CSA Week 9: It’s Sweet Corn Week…and Strawberry Buttermilk Shakes

This week’s CSA share is outstanding.  Sol to Seed Farm, where these vegetables were grown, is situated in the Snoqualmie Valley where sweet corn, peppers and tomatoes seem to grow really well, especially this time of year.  This week’s box includes:
 
Onions
Lettuce
Sweet Corn (6 ears)
Sweet Peppers
Poblano Pepper
Padron Peppers
Savoy Cabbage
Cherry Tomatoes
Cucumbers
Dragon’s Tongue Beans
and a loaf of Rustic Whole Grain Bread from Grand Central Baking Co
Cassius, Roxy and CSA Week 9

Cassius, Roxy and CSA Week 9

There are many delicious summer recipes that I could feature here today. One of my favorite corn recipes is a simple and quick cooking corn chowder from Barbara Kafka’s Soup: A Way of Life that uses four ears of corn, two large sweet peppers, and an onion.  I make this every summer because it tastes best when these ingredients are in season. I reserved these items so I can make it on Saturday afternoon.
I would now like to go on record and state that this corn may be the best corn I have ever eaten- raw or cooked.  Thank you Matt and Deanna Tregoning at Sol to Seed Farm for sharing this corn with CSA subscribers and for not hoarding it for yourselves.  
Tonight was taco night. Instead of preparing the usual side dish of refried beans, I made a quick and incredibly delicious corn, poblano and onion saute with items from today’s share (these vegetables were just picked yesterday). While this recipe will be good with store-bought ingredients, if you grow your own vegetables, or shop at a farmers market or take a CSA share from a local farm like I do, you will be impressed at how ridiculously good this simple recipe tastes.
By the way, I also chopped up some of the CSA lettuce for the tacos and snacked on cherry tomatoes while I cooked. The pickled jalapenos in the photo were canned last year.  If I haven’t convinced you by now that pickled jalapenos are “the” staple pantry condiment of the decade, you haven’t been paying attention.
Sweet Corn, Poblano Chile and Onion Saute

Sweet Corn, Poblano Chile and Onion Saute

Sweet Corn, Poblano Chile and Onion Saute
Serves 2-3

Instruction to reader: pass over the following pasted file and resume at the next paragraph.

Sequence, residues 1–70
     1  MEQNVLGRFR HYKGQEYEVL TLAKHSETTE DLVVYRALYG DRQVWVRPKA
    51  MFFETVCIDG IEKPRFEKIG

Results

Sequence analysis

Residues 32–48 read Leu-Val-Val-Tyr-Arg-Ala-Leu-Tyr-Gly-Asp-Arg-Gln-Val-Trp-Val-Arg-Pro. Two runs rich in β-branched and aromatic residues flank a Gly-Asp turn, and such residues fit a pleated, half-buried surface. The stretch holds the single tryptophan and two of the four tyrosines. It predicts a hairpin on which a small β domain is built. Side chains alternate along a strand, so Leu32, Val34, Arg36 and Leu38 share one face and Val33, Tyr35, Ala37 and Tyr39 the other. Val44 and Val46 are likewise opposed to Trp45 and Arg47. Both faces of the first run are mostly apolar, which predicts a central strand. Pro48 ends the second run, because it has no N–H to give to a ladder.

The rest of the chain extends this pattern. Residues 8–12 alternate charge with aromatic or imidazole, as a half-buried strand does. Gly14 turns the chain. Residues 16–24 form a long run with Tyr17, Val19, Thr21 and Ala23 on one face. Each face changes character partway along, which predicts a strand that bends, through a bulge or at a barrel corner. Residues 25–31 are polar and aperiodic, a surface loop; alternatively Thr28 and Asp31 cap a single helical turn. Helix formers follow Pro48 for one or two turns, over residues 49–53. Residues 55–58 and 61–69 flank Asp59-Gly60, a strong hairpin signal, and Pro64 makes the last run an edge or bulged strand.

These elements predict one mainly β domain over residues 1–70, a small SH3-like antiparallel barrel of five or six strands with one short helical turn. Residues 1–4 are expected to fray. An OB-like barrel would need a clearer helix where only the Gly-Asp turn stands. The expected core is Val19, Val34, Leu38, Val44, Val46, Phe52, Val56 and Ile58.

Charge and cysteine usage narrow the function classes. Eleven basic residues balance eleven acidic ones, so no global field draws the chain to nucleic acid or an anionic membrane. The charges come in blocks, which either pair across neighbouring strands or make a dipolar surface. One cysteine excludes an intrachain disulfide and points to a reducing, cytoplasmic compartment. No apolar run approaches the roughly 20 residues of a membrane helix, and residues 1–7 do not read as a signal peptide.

• 1 tablespoon cultured butter (I used Little Brown Farm’s butter from Freeland, WA)
  • 1/4 onion, chopped
  • 2 ears of sweet corn, kernals shaved from cob
  • 1 poblano chile, cored, seeded and chopped
  • salt and freshly ground pepper to taste (optional)
In a medium saute pan, melt the butter and add onions and peppers and cook, stirring to coat the vegetables in butter and cook until golden brown.  Add the corn and stir to combine with the sauteed peppers and onions.  Cook for a minute and remove from heat.  Salt and pepper are optional. The cultured butter will have some salt in it so taste it first before adding more seasoning.  Warning: If you taste this, you may not be able to stop yourself from eating all of it.  It’s that good.
Finally, because it’s summer, and I had the ingredients on-hand, I made strawberry buttermilk shakes for dessert.  I bought a half-flat of Sakuma Bros Farms strawberries at a regional supermarket chain over the weekend and  strawberry shakes are a great way to use up a pint of of very ripe (i.e. about to go bad) strawberries quickly.  The buttermilk makes this recipe.  Please use premium vanilla ice cream for best results.
Strawberry Buttermilk Shakes

Strawberry Buttermilk Shakes

Strawberry Buttermilk Shakes
Serves 2
3/4 pint of Danish Vanilla Bean ice cream (I prefer Snoqualmie Ice Cream)
1 pint very ripe strawberries, stems removed with a paring knife
1/3 cup Bulgarian-style buttermilk
1 teaspoon honey
Combine ingredients to a blender and process until smooth, about 60 seconds (depending on your blender).  The portions are just right for two people.  It’s very rich.  The shake tastes like a drinkable strawberry mousse.
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4 thoughts on “CSA Week 9: It’s Sweet Corn Week…and Strawberry Buttermilk Shakes

  1. Taco night is a great idea. When I was little, we used to sing “when the chiles come roasting in” – to the saints song since chile season was such a big deal.

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